Ongoing promotion of antimicrobial stewardship is embedded in Cedars-Sinai's Patient Safety Goal of reducing antimicrobial resistance. These efforts also are in compliance with the California Department of Public Health's Antimicrobial Stewardship Program Initiative as well as the mandates of state Senate Bill 739, stating "general acute care hospitals monitor and evaluate the utilization of antibiotics and charge a quality improvement committee with the responsibility for oversight of the judicious use of these medications."

Yom Ha'Shoah program planned for April 23

Author Daniel Jonah Goldhagen will speak at Cedars-Sinai's 28th annual Yom Ha'Shoah commemoration on Monday, April 23. The event will be held in Harvey Morse Auditorium from 11:50 a.m. to 1 p.m.

Goldhagen's first book - "Hitler's Willing Executioners: Ordinary Germans and the Holocaust" - was published in 15 languages, recognized by Time magazine as one of the two best non-fiction works of the year and resulted in the author receiving Germany's prestigious Democracy Prize.

Goldhagen will be introduced by Joel Geiderman, MD, co-chair of the Emergency Department and chair of the Holocaust Remembrance Day Program at Cedars-Sinai. He also is a member of the United States Holocaust Memorial Council.

Following Goldhagen's presentation, candles will be lit to remember the 6 million Jews killed in the Holocaust.

The program will conclude with the reciting of El Moleh Rachamin by Cantor Netanel Baram and Senior Rabbi Jason Weiner, manager of Spiritual Care, leading the Mourner's Kaddish.

Holocaust Remembrance Day, known as Yom Ha'Shoah in Hebrew, is commemorated across the globe on the 27th of Nisan. This date, set on the Hebrew lunar calendar, causes the corresponding date on our solar Gregorian calendar to fluctuate slightly each year.

A longstanding commitment to making our community stronger

Thomas M. Priselac
President and CEO

In one of many letters from grateful patients that cross my desk, a woman who faced a serious illness just after being laid off from her job and losing her health insurance wrote to thank the many individuals at Cedars-Sinai who "...without meeting me, or knowing much about me, came to my aid and offered help in the same way that a family member or a good friend would offer love and support in a difficult time."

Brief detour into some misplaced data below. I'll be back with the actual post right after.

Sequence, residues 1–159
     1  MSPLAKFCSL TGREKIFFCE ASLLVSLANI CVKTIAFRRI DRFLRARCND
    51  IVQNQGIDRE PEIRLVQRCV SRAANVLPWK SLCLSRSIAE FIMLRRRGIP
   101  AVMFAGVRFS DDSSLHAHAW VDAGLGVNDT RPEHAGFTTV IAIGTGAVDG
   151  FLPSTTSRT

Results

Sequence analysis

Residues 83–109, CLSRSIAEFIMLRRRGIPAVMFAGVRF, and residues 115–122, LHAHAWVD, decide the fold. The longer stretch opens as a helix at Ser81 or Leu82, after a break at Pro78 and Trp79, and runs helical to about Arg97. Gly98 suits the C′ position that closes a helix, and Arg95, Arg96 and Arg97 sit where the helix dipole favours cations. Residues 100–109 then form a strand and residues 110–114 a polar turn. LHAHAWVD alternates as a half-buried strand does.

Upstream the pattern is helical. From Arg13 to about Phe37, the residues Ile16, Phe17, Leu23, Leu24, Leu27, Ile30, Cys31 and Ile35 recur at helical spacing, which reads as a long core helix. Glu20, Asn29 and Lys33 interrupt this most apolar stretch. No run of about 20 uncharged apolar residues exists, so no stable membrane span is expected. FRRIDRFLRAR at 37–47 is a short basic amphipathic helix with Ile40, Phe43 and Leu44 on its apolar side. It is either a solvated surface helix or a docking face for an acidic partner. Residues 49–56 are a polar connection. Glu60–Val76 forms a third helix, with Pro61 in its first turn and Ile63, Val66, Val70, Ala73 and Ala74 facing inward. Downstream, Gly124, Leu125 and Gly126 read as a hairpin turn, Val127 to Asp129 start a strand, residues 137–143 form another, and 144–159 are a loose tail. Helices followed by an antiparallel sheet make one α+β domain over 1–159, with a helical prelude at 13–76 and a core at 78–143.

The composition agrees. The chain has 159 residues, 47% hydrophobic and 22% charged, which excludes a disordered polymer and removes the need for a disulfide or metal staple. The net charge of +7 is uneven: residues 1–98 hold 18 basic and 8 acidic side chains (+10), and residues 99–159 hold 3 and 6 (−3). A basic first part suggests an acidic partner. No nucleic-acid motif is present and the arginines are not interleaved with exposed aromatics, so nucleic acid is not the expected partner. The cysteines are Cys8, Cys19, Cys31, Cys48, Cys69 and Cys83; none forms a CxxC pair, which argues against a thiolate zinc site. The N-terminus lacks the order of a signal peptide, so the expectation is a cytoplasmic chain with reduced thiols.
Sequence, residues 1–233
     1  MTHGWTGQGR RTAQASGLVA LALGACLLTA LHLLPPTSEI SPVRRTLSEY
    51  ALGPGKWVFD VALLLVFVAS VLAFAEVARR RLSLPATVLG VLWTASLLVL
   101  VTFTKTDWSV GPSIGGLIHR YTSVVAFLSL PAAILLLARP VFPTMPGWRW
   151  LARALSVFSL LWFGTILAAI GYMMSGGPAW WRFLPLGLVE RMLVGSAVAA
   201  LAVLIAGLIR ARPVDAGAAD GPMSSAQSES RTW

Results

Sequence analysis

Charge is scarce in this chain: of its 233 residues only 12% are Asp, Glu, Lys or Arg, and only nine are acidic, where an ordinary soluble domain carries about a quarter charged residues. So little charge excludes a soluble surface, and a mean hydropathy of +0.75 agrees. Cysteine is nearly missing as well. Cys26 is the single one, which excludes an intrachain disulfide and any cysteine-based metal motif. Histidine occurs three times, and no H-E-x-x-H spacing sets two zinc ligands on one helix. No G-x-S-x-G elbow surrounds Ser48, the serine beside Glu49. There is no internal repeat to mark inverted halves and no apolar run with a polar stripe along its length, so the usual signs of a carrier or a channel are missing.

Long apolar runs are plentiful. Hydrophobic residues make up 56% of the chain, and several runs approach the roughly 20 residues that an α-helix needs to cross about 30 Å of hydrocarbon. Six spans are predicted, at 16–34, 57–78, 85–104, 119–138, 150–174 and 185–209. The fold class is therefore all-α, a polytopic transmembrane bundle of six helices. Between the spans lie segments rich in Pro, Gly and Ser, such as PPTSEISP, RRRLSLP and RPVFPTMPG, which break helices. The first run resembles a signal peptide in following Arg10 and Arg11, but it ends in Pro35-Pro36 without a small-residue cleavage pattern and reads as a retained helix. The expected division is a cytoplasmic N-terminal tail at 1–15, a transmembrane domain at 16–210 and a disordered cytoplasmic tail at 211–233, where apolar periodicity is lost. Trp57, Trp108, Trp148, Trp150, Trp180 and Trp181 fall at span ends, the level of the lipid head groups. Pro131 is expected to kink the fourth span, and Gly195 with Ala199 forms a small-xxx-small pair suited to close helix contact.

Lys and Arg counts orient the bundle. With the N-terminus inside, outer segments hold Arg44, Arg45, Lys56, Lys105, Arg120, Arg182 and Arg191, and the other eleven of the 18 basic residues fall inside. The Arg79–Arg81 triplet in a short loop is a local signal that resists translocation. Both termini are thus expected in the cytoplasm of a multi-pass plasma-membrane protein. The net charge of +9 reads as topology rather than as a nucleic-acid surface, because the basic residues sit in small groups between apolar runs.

One of our social workers had walked this patient through the process of applying for financial assistance to help pay her hospital bills. As part of Cedars-Sinai's multifaceted, far-reaching Community Benefit commitment, we offer free or significantly discounted care to those who qualify, relieving patients' financial stress so they can focus on healing.

It's second nature for Cedars-Sinai to express compassion in tangible ways like this - part of our DNA as a nonprofit academic medical center with deep roots in this community. From Cedars-Sinai's beginning more than a century ago, we've addressed our community's healthcare needs with a special sensitivity to those who are most vulnerable. And in times like this, when a prolonged economic downturn has left more people living on the edge, our role in expanding access to healthcare becomes even more critical.

In the course of my interactions with community leaders who partner with us to improve health in underserved neighborhoods of Los Angeles, I often hear stories of how our medical staff and employees are making a difference in people's lives. Your personal contributions are seen and greatly appreciated, within our organization and in our community. Thanks to your individual and collective efforts, Cedars-Sinai has earned a reputation as an organization with a passion for helping others that extends far beyond our campus.

Addressing the community's most serious health issues

In FY 2011, Cedars-Sinai's financial contribution to Community Benefit totaled $600.6 million. This encompasses traditional charity care, the unreimbursed cost of caring for Medicare and Medi-Cal patients and biomedical research that leads to major medical advances. We also train future healthcare professionals and offer hundreds of programs in the community through which we share our expertise and resources to help people lead healthier lives. We provide free health education, screenings and medical services at schools, community centers and clinics where we can connect with at-risk children and seniors, the homeless and the mentally ill, among many others.

Based on the community needs assessment we conduct every three years, obesity, diabetes and heart disease are among the biggest health issues in the Los Angeles region, so many of our programs are aimed at helping people prevent or manage these conditions. We're also working to overcome disparities in health status and disease risk among people of different ages and racial and ethnic backgrounds in a region that is one of the most diverse in the nation.

People from all walks of life benefit from our efforts to make our community stronger. While Cedars-Sinai is known to some as the hospital of the stars, in reality the rich and famous represent a very small fraction of the people we serve. In fact, nearly half the households within a 10-mile radius of Cedars-Sinai earn less than $35,000 a year.